The Problem With Rotator Cuff Surgery

Rotator Cuff Injury

What is referred to commonly as the rotator cuff is actually a group of muscles and tendons that help to stabilize your shoulder and facilitate movement. Sometimes the tendons in the rotator cuff become inflamed or torn, and this can lead to a number of symptoms including severe pain, weakness and limited range of motion.

Rotator cuff injuries are common and can be especially prevalent in older adults over 40.  While it’s common for a tear to occur because of injury or trauma, many rotator cuff tears occur happen for degenerative reasons. It’s been known for some time now that the rotator cuff doesn’t always have the best blood supply. As we get older, the blood supply in our rotator cuff tendons lessens. Without a good blood supply, the body's natural ability to heal damaged tissue is impaired, and at some point with little provocation, unhealthy tissue fails and a tear occurs.

Regardless of how a rotator cuff tear occurs, there are things to consider before committing to surgery to repair it. That’s because a rotator cuff surgery involves cutting into the shoulder and stitching the rotator cuff tear back together. Unfortunately, many surgical patients never recover full range of motion and some patients even report persistent pain following surgery. This is disturbing, considering the primary purpose for undergoing the surgery is to end shoulder pain.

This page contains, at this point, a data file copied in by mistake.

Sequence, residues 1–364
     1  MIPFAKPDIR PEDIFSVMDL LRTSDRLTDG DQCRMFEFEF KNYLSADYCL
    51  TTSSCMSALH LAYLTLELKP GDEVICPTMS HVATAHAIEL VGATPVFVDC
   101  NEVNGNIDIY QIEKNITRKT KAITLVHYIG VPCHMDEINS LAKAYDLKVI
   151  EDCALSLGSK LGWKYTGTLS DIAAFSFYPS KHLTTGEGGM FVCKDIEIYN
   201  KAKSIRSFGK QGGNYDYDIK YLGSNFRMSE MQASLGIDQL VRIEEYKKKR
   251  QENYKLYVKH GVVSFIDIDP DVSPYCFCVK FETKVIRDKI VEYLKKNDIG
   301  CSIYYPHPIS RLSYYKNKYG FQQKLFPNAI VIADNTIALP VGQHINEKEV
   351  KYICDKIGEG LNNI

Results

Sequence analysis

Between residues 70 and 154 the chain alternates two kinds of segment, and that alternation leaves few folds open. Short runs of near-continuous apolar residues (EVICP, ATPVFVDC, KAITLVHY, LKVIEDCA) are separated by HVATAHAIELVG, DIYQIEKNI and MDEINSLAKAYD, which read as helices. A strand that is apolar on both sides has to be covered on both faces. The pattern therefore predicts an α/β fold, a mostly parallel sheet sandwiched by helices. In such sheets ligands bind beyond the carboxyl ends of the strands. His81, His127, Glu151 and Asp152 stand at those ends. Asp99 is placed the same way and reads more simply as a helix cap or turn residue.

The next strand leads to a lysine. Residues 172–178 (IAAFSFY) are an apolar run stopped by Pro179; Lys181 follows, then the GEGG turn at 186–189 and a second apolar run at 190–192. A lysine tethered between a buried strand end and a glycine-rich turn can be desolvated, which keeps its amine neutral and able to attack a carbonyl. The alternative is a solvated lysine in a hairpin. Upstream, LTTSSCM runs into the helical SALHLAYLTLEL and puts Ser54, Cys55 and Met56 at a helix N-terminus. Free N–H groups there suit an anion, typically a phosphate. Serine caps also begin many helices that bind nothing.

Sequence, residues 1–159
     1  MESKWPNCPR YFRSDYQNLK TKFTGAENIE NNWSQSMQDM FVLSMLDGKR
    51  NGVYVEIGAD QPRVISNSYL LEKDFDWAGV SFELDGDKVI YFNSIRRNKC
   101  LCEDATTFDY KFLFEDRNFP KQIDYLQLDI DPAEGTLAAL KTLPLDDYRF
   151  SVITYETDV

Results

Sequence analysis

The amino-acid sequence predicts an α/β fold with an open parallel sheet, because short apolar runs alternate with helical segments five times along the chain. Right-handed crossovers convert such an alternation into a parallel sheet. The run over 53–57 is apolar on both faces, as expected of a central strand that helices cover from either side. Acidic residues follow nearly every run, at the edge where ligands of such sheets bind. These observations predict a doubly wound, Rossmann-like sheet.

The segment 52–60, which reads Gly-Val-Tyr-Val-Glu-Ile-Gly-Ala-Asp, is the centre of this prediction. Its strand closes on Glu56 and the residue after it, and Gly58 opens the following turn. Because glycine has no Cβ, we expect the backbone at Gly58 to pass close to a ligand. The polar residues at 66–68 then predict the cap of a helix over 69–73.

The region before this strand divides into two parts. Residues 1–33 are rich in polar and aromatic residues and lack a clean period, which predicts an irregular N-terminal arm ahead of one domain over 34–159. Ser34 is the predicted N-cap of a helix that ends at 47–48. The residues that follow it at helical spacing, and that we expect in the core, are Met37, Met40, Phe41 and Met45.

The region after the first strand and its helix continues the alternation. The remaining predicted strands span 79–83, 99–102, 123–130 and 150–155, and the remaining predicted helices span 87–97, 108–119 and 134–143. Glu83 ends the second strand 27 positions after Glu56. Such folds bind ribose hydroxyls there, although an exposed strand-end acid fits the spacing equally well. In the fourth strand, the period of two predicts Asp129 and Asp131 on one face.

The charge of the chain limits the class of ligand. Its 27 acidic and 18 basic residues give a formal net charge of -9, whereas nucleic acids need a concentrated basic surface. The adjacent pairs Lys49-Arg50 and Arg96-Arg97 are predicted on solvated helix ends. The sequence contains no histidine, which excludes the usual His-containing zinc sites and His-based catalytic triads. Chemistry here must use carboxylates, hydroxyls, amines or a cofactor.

That is why nonsurgical treatment should be considered for many situations involving a rotator cuff injury. In fact, most rotator cuff injuries can be treated non-surgically to successfully relieve pain and improve function in the shoulder. One recent study found that, “The prevalence of full-thickness rotator cuff tears increases with age [and] many patients are asymptomatic and may not require surgical repair.” Even when there is pain present, researchers concluded that in many cases physical therapy, rather than rotator cuff surgery, should be sufficient to address the shoulder.

There are many disadvantages to surgery including risk of infection, permanent stiffness, lengthy and painful recovery and complications associated with anesthesia. Before committing to a rotator cuff surgery, be sure your explore all of the options that are now available.



Author
Dr. Orlando Landrum

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